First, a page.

Superoxide activates mitochondrial uncoupling proteins.

TitleSuperoxide activates mitochondrial uncoupling proteins.
Publication TypeJournal Article
Year of Publication2002
AuthorsEchtay, KS, Roussel, D, St-Pierre, J, Jekabsons, MB, Cadenas, S, Stuart, JA, Harper, JA, Roebuck, SJ, Morrison, A, Pickering, S, Clapham, JC, Brand, MD
Date Published2002 Jan 03
KeywordsAdipose Tissue, Brown, Animals, Carrier Proteins, Food Deprivation, Gene Deletion, Glyburide, Hot Temperature, Intracellular Membranes, Ion Channels, Islets of Langerhans, Kidney, Liver, Membrane Potentials, Membrane Proteins, Membrane Transport Proteins, Mice, Mice, Knockout, Mitochondria, Mitochondrial Proteins, Muscle, Skeletal, Myocardium, Proteins, Protons, Rats, Reactive Oxygen Species, Saccharomyces cerevisiae, Spleen, Superoxides, Uncoupling Agents, Uncoupling Protein 1, Uncoupling Protein 2, Uncoupling Protein 3

Uncoupling protein 1 (UCP1) diverts energy from ATP synthesis to thermogenesis in the mitochondria of brown adipose tissue by catalysing a regulated leak of protons across the inner membrane. The functions of its homologues, UCP2 and UCP3, in other tissues are debated. UCP2 and UCP3 are present at much lower abundance than UCP1, and the uncoupling with which they are associated is not significantly thermogenic. Mild uncoupling would, however, decrease the mitochondrial production of reactive oxygen species, which are important mediators of oxidative damage. Here we show that superoxide increases mitochondrial proton conductance through effects on UCP1, UCP2 and UCP3. Superoxide-induced uncoupling requires fatty acids and is inhibited by purine nucleotides. It correlates with the tissue expression of UCPs, appears in mitochondria from yeast expressing UCP1, and is absent in skeletal muscle mitochondria from UCP3 knockout mice. Our findings indicate that the interaction of superoxide with UCPs may be a mechanism for decreasing the concentrations of reactive oxygen species inside mitochondria.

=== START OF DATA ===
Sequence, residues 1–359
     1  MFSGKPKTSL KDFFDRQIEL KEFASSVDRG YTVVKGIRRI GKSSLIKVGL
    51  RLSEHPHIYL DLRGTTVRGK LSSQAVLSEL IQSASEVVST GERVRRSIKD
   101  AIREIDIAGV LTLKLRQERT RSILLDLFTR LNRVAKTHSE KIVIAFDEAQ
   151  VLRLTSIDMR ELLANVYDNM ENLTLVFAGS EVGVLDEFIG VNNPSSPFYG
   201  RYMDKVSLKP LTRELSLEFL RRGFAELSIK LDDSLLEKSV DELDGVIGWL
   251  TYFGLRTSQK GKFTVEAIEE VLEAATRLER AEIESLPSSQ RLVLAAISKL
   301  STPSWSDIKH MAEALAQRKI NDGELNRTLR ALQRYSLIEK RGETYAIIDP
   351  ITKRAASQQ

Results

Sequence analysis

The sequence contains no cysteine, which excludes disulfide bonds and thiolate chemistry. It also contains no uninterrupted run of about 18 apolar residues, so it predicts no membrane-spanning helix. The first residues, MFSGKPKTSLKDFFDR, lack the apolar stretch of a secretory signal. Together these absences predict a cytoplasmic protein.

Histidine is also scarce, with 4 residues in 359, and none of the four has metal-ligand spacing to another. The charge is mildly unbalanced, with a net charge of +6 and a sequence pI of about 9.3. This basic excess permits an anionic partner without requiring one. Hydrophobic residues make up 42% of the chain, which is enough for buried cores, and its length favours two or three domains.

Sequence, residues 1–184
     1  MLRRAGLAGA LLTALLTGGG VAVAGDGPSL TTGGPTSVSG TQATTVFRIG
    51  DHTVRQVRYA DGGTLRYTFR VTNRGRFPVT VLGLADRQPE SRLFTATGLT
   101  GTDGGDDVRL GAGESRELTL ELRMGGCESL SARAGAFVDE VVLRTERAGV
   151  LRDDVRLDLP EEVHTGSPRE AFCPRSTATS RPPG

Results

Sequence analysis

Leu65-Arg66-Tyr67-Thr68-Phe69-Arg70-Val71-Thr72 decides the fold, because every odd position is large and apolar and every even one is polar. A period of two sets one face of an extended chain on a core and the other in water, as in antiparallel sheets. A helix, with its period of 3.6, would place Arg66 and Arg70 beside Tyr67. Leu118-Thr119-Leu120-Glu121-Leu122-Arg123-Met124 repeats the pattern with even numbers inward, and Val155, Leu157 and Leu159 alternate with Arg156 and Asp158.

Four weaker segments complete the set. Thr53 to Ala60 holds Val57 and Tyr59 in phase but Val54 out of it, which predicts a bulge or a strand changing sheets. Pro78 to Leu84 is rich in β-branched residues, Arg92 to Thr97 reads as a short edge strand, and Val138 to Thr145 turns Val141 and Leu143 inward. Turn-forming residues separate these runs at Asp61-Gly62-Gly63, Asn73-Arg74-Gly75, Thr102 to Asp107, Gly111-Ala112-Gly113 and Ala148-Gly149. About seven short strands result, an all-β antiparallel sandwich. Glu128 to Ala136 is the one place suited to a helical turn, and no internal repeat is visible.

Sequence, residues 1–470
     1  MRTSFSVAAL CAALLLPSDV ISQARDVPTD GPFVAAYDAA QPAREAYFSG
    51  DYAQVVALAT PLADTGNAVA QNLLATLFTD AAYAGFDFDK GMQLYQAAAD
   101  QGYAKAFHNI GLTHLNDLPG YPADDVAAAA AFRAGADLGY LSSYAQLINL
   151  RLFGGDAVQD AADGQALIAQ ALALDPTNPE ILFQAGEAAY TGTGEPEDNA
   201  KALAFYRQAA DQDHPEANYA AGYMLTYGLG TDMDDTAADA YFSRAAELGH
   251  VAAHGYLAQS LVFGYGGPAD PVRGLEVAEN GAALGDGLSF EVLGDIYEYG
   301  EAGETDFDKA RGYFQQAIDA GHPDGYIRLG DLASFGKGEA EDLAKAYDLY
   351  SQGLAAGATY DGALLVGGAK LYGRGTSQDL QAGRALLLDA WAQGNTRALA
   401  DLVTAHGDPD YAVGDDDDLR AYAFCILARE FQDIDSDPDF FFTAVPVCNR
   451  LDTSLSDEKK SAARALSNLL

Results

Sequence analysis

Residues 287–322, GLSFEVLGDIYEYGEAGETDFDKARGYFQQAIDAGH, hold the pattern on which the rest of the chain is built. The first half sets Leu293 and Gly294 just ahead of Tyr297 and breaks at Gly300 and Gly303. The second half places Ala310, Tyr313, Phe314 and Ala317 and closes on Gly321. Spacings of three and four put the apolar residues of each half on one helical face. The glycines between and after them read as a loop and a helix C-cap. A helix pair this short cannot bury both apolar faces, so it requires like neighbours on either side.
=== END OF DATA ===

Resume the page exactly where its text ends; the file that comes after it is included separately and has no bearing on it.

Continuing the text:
Alternate JournalNature
Citation Key10.1038/415096a
PubMed ID11780125